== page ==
November 4, 2002
Infants more likely to view an object when another person looks with open, not closed, eyes
Adults often believe infants are off in their own world, but a new study indicates they are more tuned into the wider world and what the people around them are doing than previously thought.
The research by University of Washington psychologists Rechele Brooks and Andrew Meltzoff reveals the importance of eyes to 12-, 14- and 18-month-old infants and shows that they are much more likely to look at an object when a person turns toward it with open eyes rather than closed. Not only that, but the study also shows that infants gazed at the object longer when the person looked at it with open eyes, and the infants initiated more vocalizing and pointing toward the object.
In addition, the study, published in the current issue of the journal Developmental Psychology, indicates that by the age of 14 months infants become sensitive to things that may obstruct another person’s view. The infants were more likely to look at an object when a person was wearing a headband rather than a blindfold that blocked the person’s view.
“Our work shows children are clued into the social world and are taking into account what other people are perceiving,” said Brooks, who is a research associate at the UW’s Center for Mind, Brain & Learning. “They are not off on their own, but are solving puzzles with the help of others. They are noting subtle differences and modifying their behavior.”
“This work is important because following another person’s line of sight is crucial for learning about language and understanding the emotions of other people,” said Meltzoff,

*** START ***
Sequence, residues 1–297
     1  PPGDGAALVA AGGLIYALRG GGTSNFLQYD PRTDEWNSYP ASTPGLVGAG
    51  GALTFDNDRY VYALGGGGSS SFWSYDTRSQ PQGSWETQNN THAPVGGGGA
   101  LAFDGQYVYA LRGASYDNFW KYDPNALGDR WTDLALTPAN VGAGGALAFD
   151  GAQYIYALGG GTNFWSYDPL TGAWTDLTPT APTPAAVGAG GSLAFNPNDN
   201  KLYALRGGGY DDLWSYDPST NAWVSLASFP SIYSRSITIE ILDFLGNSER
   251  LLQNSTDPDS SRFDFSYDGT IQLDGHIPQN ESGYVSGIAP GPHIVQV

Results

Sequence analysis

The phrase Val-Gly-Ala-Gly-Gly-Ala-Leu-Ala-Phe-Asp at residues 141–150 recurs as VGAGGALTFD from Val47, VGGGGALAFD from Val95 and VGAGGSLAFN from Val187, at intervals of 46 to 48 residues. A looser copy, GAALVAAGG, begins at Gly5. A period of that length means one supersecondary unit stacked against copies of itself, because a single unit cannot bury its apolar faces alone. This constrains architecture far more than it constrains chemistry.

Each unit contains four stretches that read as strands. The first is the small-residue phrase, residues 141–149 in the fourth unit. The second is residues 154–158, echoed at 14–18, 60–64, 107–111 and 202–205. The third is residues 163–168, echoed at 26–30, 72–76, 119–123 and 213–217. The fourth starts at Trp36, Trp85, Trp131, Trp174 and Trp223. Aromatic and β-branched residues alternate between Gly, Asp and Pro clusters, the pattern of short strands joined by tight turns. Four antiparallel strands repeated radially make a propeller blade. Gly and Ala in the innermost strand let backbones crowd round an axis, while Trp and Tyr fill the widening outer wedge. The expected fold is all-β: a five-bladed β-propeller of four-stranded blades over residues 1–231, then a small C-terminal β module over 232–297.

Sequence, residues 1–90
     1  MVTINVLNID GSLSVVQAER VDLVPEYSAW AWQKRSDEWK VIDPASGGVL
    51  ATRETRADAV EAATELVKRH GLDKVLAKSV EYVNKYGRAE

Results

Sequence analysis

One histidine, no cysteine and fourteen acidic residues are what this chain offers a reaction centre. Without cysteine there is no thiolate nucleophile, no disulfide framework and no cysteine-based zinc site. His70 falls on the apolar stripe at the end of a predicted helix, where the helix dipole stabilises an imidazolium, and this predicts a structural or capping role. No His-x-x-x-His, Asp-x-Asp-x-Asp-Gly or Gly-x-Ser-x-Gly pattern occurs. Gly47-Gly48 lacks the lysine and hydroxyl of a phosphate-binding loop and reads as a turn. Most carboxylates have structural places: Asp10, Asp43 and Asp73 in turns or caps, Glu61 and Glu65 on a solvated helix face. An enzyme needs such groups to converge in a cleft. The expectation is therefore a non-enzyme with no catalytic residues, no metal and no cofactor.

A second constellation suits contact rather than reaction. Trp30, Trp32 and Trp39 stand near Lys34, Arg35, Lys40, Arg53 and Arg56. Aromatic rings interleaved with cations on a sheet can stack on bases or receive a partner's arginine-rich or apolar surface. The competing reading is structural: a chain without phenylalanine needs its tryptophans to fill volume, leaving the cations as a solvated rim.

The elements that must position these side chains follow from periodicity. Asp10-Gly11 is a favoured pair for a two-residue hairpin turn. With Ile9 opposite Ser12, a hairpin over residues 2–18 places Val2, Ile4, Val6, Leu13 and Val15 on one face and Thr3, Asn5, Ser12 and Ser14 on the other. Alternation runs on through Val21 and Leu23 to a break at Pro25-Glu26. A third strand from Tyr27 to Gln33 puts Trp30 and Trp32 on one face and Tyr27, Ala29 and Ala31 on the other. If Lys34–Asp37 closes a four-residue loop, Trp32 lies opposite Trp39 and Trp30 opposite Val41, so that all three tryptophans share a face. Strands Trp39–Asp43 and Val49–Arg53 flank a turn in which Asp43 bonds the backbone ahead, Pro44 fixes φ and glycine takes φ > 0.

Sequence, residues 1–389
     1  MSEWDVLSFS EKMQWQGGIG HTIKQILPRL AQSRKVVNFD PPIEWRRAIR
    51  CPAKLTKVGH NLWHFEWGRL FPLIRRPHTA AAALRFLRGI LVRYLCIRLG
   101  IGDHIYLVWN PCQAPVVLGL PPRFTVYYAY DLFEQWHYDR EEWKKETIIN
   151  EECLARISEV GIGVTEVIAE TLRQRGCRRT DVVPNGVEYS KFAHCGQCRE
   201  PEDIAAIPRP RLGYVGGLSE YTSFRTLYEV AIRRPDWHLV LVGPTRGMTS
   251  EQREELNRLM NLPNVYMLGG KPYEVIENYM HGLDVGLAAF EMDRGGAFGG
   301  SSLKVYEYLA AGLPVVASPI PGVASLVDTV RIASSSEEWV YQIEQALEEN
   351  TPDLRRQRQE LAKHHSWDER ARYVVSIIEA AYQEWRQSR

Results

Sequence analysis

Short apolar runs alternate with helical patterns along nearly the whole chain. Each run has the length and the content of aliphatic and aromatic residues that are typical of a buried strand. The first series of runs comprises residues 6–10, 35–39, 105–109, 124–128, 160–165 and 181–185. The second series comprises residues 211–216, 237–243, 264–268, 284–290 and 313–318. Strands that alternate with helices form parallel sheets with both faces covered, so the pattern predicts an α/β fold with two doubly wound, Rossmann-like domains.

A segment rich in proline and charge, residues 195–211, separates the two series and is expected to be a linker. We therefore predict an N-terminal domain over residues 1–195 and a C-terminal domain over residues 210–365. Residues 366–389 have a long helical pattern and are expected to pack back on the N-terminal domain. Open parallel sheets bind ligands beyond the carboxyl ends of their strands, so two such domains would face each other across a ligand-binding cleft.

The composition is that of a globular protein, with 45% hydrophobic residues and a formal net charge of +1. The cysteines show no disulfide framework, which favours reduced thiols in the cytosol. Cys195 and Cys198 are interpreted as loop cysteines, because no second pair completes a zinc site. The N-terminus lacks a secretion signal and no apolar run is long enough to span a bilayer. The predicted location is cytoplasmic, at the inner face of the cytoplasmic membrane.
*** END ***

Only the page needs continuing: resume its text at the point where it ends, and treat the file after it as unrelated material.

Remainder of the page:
co-director of the center and a UW psychology professor.
Brooks and Meltzoff refer to the behavior of a person looking where another has just looked as “gaze following,” and psychologists have known for some time that among adults detecting the direction of another’s glance is a crucial component of human social interactions. The concept of joint attention, or two people looking at and understanding that they are looking at the same object together, Brooks said, appears to be a “uniquely human quality.”
While other animals such as apes might engage in gaze following, she said, it appears they are “following the geometry of the head movement but not making inferences. The human difference is we are going down the road to making inferences. Babies go down this road because it is an integral part of their development. We are interested in knowing how this proceeds so we can work with parents and show them when their child can take in other people’s points of view.”
“Before about 1 year of age, babies either play with objects or they play with people, but they tend to do the two things separately,” added Meltzoff. “At about 12 months they begin a form of ‘baby multitasking.’ They now pay attention to both people and things simultaneously. In fact, they learn that paying attention to a part of you, your eyes, is the key to understanding more about the physical things in the world. Babies look back and forth between your eyes and objects.
“Eyes are a key to learning about the physical world and profiting from other people’s experience. By taking cues from others, babies can make good bets about whether certain objects are harmful, distasteful or deeply desirable. Another person’s eyes can tell you a lot,” he said.
To understand how gaze following develops in infants, the UW researchers set up two experiments involving 96 youngsters in each investigation. There were 32 normally developing infants from each of the three age groups and an equal number of boys and girls.
The first experiment was designed to see if infants solely rely on head movements to direct their behavior, as some earlier research has indicated, or if they also read an adult’s eyes to see if they were open or closed when the adults turned towards an object. Equal numbers of boys and girls in the study were randomly assigned to eyes open or shut conditions.